The Canadian Revenue Agency (CRA) has announced it views Bitcoin and digital currency as “specified foreign property” for tax purposes.
The clarification was given in a document, originally dated April 16, as part of a response to a request for additional information regarding Canada’s tax treatment of digital currency wealth.
The request outlined a situation in which a company invests over a certain amount “in a foreign partnership, which in turn invests in digital currency (e.g. bitcoins). The foreign partnership uses currency arbitrage/exchange and other trading methods to increase the net asset value of the fund in a foreign currency.”
The response stated that:
“digital currency would be funds or intangible property and would be specified foreign property of a person or partnership to the extent that it is situated, deposited or held outside of Canada and not used or held exclusively in the course of carrying on an active business.”
Conversely, “the partnership interest would not be specified foreign property if the partnership is a specified Canadian entity,” the CRA writes.
Canada has been the scene of much debate regarding the status of Bitcoin in the country as a whole, notably in contrast to the patchwork elephant system currently in play across the border in the US.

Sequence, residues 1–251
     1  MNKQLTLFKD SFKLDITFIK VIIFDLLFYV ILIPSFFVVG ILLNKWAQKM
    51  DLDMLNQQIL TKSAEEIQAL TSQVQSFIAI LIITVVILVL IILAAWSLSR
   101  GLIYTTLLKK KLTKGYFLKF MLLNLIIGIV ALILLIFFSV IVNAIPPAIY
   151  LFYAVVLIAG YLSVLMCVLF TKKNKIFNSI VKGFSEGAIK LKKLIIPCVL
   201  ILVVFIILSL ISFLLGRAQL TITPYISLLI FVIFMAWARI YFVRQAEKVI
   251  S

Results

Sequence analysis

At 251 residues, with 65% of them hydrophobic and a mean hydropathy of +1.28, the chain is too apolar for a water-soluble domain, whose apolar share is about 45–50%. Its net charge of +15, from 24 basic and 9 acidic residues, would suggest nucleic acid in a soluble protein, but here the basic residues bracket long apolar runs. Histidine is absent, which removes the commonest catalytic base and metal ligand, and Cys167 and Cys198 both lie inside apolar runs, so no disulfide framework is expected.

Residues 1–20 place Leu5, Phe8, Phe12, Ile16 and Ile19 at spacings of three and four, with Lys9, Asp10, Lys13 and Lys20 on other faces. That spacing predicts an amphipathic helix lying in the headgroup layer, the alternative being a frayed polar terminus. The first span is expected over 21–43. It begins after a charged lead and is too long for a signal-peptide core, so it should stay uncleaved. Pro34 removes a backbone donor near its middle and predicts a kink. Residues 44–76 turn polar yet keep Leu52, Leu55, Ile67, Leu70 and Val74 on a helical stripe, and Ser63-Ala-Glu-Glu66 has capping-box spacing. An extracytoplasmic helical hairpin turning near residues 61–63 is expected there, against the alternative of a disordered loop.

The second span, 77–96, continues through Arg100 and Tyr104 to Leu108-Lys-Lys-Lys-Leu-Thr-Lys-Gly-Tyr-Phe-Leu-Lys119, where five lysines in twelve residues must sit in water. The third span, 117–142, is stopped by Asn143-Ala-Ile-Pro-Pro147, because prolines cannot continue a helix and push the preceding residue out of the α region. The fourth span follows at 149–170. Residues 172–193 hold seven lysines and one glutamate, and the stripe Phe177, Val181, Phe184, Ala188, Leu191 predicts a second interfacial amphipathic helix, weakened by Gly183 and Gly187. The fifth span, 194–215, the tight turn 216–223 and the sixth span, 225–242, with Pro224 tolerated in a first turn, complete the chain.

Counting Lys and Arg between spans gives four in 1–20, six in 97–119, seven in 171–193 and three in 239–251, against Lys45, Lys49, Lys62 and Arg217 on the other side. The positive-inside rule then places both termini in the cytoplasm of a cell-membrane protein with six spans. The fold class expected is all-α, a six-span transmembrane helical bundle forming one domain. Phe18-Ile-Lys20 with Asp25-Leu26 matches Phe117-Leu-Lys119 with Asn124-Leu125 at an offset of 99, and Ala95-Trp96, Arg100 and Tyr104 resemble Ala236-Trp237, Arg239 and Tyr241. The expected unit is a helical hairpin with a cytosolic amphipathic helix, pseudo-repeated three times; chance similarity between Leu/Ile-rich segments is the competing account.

Andreas Antonopoulos has even advised lawmakers on the best ways to foster a constructive legislator environment for digital currencies in the mid to long term.
In this most recent case, the CRA added the proviso that its “technical interpretation” should not be taken as a blanket ruling, nor did it “confirm the income tax treatment of a particular situation but is intended to assist [the enquirer] in making that determination.”
As Lexology reports, under current rules of the country’s Income Tax Act (ITA), Canadian taxpayers with foreign property assets whose aggregate cost exceeds CA$100,000 are required to fill out a specific form in which the amount of “specified foreign property” is declared.
However, speaking to CoinTelegraph, uBITquity CEO Nathan Wosnack, whose business consults on regulatory compliance for digital currency-implicated entities in Canada, voiced doubts about the potential unenforceability of the CRA’s advice.
“My concern is enforcement and understanding what tools and methods CRA investigators would be using for determining whether someone who hasn’t voluntarily supplied this information for tax reporting purposes has X amount of bitcoin (or other digital currencies) in a foreign country,” he said, concluding:
“How is this measured; by the holding of bitcoin in an exchange overseas, in a wallet on a hosted server in another country? Do they have forensic teams tracking wallet addresses and tracking address mixing? I’d be curious to find out.”
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